Evaluation of the Cell-DYN 35)).

M J Costa, A B Reis, C Silva, I Fernandes, S Lopes, E Júnior

Abstract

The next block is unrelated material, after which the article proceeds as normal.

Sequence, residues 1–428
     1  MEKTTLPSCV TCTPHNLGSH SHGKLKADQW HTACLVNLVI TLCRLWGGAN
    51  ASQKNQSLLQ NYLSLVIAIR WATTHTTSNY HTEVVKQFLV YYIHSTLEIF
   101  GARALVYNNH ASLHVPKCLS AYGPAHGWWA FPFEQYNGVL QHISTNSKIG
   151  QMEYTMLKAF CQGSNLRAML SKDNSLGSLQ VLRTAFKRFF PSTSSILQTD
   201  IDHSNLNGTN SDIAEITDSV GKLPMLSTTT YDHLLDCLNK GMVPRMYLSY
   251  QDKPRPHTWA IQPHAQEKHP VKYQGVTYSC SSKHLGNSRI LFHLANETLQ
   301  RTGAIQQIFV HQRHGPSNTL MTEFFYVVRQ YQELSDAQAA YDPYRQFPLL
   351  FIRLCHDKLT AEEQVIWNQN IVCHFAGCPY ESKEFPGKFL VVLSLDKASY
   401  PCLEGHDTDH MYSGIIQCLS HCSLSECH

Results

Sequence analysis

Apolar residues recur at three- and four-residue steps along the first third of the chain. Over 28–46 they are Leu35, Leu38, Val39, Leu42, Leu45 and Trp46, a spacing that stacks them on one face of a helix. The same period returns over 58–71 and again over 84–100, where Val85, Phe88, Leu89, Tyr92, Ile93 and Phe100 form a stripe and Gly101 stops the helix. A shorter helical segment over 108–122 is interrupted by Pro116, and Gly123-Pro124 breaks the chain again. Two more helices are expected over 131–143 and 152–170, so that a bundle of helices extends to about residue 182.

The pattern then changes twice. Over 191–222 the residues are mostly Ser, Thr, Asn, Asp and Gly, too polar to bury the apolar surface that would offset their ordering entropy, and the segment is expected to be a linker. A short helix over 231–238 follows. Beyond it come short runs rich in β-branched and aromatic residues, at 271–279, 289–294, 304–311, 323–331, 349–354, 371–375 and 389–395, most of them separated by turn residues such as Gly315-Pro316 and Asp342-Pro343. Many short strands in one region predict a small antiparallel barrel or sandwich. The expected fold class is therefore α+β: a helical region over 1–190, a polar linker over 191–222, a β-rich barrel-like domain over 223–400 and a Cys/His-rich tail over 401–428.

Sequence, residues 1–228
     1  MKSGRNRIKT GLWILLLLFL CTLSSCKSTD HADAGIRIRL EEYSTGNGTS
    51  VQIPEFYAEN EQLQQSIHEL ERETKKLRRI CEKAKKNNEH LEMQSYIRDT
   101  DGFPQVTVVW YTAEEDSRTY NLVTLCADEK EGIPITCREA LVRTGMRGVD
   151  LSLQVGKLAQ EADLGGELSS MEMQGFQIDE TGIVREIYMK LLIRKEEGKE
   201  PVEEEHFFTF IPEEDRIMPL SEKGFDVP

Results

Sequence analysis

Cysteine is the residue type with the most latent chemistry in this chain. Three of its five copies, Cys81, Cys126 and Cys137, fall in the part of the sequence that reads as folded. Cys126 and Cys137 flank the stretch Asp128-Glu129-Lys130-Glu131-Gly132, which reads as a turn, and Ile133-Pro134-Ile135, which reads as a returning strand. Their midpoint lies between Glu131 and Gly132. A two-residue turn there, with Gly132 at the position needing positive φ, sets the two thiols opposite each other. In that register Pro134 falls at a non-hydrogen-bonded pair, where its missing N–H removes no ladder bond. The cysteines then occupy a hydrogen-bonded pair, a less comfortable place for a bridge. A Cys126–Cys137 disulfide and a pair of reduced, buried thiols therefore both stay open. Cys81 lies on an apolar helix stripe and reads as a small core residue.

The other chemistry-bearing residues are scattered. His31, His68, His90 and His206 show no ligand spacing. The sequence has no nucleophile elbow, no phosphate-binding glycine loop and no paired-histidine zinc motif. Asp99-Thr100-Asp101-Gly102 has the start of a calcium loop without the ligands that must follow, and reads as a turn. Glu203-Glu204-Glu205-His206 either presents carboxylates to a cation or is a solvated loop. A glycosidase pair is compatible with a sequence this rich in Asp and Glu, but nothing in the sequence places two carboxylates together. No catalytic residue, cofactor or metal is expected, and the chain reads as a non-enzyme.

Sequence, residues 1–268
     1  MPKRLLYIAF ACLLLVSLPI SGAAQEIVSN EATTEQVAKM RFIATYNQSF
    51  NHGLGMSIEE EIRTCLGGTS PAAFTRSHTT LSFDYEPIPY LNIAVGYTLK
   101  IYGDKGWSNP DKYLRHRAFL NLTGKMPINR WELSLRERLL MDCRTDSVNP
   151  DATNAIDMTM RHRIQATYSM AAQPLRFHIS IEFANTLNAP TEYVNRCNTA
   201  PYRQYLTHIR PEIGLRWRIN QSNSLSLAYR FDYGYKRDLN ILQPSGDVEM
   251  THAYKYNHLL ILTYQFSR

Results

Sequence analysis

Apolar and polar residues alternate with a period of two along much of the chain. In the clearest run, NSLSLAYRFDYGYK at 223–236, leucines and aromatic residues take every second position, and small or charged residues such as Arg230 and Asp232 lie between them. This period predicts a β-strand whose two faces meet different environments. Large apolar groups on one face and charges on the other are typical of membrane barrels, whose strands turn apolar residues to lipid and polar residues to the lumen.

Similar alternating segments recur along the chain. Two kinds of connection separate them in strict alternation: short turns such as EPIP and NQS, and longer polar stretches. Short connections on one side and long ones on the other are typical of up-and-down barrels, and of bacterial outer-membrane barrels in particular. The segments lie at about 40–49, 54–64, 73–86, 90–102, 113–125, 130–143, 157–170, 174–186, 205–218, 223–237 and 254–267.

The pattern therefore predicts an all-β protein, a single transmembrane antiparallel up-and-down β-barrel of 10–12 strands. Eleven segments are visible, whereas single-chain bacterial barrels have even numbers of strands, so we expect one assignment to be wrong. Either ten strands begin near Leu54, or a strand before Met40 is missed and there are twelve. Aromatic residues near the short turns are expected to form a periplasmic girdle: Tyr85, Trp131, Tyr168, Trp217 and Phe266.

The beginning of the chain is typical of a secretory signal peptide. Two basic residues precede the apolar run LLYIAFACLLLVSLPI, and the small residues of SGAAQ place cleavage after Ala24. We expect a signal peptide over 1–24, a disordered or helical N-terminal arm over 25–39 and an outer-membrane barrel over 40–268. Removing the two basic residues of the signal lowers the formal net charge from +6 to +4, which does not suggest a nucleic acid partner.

The Cell-Dyn 3500 is an automated haematology analyzer which quantitatively measures and computes haematological quantities including a full "five-part" white cell differential. It measures 22 parameters for erythrocytes, white blood cells and platelets, also giving the respective histograms. Evaluation of the Cell-Dyn 3500 was performed according to the International Committee for Standardization in Haematology (ICSH) norms, for a period of 5 weeks. A total of 1,235 samples were studied by comparison with the Coulter MaxM. The five-part white cell differential and the flagging system were estimated and compared with the smear examination of 506 samples, by four clinical pathologists trained in cytology. Good correlation was obtained within, between batches, and day-to-day, for the following parameters: red blood cells (RBC), haemoglobin (HGB), mean cell volume (MCV), white blood cells (WBC) and platelets (PLT). The accuracy was estimated (RBC, HGB, VGM, WBC and PLT) each day with three different levels of titrated controls with good results. The linearity was established for RBC, HGB, WBC and PLT. The results obtained were good. Carry-over studies were performed according to the Broughton method for the same parameters and the results were also good. Stability studies for the automatic parameters including the differential white blood cell count showed that these parameters were stable at 4 degrees C for 48 hours. At room temperature the stability was reduced to 7 hours. Agreement was good between the Cell-Dyn 3500 and the Coulter MaxM, for the automatic haemocytometric values. The comparative studies between the five-part white cell differential of the haematologic analyzer and the manual differential showed excellent results for neutrophils and lymphocytes, very good for monocytes and eosinophils. For the flag estimation two criteria were established, one based on the clinical significance and the other based on the alarm detection described in the analyzer manual. The specificity was good for both criteria. In general the sensibility was better for the second criteria. The Cell-Dyn 3500 has thus shown to be a good haematology analyser which greatly reduces the morphological examination of smears.

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